Productive pattern: scenario planning

When you are creating or modifying something – a new furniture arrangement, a new aspect of your routine, a new way you want to approach particular social situations – design for not only the expected use but also for several possible other conditions if major variables switch to other settings than what you predict.

Prepare yourself for comfortably rolling with the changes.

There is a great discussion of this principle in How Buildings Learn: What Happens After They're Built by Stewart Brand (a book which informs about a much broader range of thinking than merely the architectural!) on page 178. He says "All buildings are predictions. All predictions are wrong." I'll tone it down just a hair:

All plans are predictions.

No predictions are 100% perfect.

By preparing yourself for imperfection and envisioning reasonable responses to the most likely alternate scenarios, you'll reduce your stress and optimize your results.

Here's an example:
Over the past few years I kept reading about treadmill desks and thinking "Wow, that might work great for me." I finally reached a point where I was ready to try it. Instead of just making a plan to switch to the first one I heard about, I thought about some possible alternate scenarios to "Everything goes as I hope and I love it."

Alternate scenario #1: "I don't love it."
Influence on my plan: Find a way to invest less money on the experiment so it's not too painful if it doesn't work out. (I have more time than money. If you're the opposite, ordering the fancy pre-made solution could work for you if you are satisfied with the company's return policy).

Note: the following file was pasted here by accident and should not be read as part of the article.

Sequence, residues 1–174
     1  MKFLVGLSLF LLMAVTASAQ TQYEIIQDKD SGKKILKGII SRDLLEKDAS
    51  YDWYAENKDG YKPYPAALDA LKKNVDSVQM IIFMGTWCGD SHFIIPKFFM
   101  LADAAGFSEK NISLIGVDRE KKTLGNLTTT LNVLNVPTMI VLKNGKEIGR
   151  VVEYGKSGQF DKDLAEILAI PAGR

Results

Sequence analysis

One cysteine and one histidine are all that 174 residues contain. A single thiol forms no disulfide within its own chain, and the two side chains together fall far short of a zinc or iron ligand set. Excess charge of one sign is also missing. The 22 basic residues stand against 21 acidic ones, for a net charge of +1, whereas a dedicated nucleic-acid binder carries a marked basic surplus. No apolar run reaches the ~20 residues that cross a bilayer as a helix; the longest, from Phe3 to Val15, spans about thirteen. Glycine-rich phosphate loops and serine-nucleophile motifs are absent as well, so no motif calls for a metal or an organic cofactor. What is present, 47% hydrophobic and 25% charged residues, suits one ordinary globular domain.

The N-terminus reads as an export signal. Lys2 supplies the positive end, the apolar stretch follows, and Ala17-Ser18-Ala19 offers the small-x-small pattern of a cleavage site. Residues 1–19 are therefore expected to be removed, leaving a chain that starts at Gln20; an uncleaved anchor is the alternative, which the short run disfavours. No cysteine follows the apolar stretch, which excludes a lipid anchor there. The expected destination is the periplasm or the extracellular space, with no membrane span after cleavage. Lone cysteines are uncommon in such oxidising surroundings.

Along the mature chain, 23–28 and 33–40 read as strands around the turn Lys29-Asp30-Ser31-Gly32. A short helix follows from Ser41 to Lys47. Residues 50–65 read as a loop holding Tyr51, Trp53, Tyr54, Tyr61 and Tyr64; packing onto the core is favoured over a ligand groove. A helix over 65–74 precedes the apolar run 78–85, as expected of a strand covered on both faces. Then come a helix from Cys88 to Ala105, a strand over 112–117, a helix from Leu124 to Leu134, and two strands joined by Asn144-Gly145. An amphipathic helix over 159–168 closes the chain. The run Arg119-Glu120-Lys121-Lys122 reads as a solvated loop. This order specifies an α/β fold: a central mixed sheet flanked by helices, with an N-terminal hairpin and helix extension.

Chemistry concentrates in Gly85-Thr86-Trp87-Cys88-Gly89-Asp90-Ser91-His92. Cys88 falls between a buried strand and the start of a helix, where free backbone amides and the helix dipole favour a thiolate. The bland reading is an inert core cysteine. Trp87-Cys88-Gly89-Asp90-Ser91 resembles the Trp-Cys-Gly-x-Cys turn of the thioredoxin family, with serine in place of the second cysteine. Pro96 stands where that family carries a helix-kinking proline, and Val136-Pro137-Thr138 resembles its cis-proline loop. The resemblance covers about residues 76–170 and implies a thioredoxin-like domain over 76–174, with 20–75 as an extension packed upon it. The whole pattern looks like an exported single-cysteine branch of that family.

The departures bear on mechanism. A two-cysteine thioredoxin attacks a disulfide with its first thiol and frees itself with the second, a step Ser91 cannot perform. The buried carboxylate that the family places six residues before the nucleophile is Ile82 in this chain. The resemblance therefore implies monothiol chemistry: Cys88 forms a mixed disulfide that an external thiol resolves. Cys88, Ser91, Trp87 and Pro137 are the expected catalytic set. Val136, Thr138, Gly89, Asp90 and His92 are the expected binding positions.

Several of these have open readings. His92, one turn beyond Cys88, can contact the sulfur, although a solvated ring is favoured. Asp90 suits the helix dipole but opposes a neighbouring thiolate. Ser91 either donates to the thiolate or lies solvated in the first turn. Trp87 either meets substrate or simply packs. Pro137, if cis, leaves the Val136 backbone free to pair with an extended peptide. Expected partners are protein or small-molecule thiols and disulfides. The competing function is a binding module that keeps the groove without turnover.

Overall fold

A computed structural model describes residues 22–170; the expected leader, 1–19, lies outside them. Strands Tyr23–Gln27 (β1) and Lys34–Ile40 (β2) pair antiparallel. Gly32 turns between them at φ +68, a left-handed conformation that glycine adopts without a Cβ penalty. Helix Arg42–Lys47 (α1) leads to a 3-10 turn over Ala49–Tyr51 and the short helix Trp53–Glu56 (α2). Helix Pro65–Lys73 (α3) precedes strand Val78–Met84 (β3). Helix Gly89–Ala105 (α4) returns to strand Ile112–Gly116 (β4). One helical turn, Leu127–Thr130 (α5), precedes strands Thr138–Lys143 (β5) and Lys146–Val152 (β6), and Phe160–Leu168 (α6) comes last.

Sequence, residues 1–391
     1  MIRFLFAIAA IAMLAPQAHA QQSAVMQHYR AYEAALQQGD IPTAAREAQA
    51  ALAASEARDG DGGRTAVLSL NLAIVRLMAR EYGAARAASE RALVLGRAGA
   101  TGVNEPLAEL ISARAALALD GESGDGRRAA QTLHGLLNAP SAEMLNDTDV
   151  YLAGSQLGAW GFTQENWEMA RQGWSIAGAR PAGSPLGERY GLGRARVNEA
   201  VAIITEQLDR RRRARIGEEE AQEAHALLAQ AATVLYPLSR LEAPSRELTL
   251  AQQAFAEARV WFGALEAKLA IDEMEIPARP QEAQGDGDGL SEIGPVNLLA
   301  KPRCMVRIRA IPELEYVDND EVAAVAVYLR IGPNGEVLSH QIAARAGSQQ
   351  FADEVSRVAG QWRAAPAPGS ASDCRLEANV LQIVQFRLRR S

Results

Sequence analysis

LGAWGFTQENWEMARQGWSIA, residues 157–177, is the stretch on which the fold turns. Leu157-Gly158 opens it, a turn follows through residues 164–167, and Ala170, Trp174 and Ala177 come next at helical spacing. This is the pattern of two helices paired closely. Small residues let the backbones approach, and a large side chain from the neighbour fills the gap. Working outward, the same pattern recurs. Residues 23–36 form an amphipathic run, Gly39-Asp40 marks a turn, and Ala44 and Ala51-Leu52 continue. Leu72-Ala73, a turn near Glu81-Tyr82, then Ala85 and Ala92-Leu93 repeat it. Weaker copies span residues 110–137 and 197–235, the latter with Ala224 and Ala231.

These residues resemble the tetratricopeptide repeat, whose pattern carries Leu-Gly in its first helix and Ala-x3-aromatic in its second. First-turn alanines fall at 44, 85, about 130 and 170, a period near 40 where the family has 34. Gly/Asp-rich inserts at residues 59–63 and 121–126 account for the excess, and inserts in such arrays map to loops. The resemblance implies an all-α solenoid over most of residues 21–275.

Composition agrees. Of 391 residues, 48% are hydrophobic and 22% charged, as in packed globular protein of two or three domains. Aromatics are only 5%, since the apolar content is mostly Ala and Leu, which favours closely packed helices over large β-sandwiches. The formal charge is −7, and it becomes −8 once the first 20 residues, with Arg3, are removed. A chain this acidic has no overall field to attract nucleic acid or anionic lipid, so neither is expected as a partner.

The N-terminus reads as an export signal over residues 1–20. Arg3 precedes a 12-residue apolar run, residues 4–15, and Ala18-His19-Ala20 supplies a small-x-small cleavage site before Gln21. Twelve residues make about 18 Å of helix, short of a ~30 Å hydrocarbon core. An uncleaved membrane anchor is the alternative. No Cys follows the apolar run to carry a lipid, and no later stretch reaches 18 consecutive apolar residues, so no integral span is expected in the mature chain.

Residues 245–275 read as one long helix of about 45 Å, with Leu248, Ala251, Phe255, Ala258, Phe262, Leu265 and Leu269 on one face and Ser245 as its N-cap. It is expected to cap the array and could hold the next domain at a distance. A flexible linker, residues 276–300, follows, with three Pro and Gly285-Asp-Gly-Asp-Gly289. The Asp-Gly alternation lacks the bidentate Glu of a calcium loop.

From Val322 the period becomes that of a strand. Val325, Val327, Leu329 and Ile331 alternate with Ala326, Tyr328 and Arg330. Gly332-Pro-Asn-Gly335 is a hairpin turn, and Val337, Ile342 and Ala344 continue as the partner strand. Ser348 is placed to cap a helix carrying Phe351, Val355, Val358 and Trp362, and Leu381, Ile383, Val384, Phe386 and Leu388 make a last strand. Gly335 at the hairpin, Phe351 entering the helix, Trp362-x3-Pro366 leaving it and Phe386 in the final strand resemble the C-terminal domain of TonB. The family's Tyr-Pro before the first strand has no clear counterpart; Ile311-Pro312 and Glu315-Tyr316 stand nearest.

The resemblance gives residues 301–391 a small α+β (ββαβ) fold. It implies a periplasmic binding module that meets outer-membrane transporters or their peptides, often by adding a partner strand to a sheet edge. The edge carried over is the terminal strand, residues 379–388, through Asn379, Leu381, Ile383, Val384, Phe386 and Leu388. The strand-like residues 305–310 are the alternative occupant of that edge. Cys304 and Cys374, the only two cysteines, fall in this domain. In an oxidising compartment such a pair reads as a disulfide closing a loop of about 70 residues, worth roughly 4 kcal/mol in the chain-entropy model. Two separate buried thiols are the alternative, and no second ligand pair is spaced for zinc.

Alternative scenario #2: "I totally love it and want it permanently, but it takes up too much space and disrupts our use of the room which serves as my office/guestroom/Joe's desk area."
Influence on my plan: Explore ways to rearrange that room which still allow for all the functions we currently use it for instead of assuming I need to leave my current workspace where it is.

Alternative scenario #3: "I like it, but my body takes a long time to adjust to working while standing."
Influence on my plan: Create 'infrastructure' to support taking care of myself physically. Continue using a rest reminder (I use TimeOut on the Mac) to give myself time away from keyboard and treadmill. Make a nice seating area near enough to my walking desk that I can step off for a few minutes and rest my body while writing on paper or reading a book or doing something else that doesn't require the computer.

Even a short brainstorming sprint on what else is fairly likely to happen besides your favorite prediction will allow you to plan better and build solutions which can accommodate a variety of futures without breaking.

Pick a road and get moving

Choose three things you want and three things you don't want in your life.

Think big. Don't edit what your heart and your gut are telling you; it's the truth of your wanting which will fuel your change in the right direction. Something that sounds little and achievable that you basically like the idea of will not lead to as much positive growth as burning for something huge you're afraid you can never have.

You can change your choices later, but choose something now.

I want…

I don't want…

Next time you have an option – and we are faced with options all day long – make sure whenever possible that you're going for things that fit the Want list and avoiding things leading to the Don't Want list.